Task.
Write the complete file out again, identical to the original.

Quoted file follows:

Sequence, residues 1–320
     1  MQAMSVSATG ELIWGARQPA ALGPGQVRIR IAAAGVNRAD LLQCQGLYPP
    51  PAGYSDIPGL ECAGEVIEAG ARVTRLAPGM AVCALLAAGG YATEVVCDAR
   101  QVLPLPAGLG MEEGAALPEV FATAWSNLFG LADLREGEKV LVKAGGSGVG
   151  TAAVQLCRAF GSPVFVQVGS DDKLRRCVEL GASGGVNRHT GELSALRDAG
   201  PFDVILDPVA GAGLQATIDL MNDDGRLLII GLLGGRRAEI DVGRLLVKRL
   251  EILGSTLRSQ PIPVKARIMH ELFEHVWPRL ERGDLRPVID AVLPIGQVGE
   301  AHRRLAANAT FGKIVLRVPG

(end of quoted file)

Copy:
Sequence, residues 1–320
     1  MQAMSVSATG ELIWGARQPA ALGPGQVRIR IAAAGVNRAD LLQCQGLYPP
    51  PAGYSDIPGL ECAGEVIEAG ARVTRLAPGM AVCALLAAGG YATEVVCDAR
   101  QVLPLPAGLG MEEGAALPEV FATAWSNLFG LADLREGEKV LVKAGGSGVG
   151  TAAVQLCRAF GSPVFVQVGS DDKLRRCVEL GASGGVNRHT GELSALRDAG
   201  PFDVILDPVA GAGLQATIDL MNDDGRLLII GLLGGRRAEI DVGRLLVKRL
   251  EILGSTLRSQ PIPVKARIMH ELFEHVWPRL ERGDLRPVID AVLPIGQVGE
   301  AHRRLAANAT FGKIVLRVPG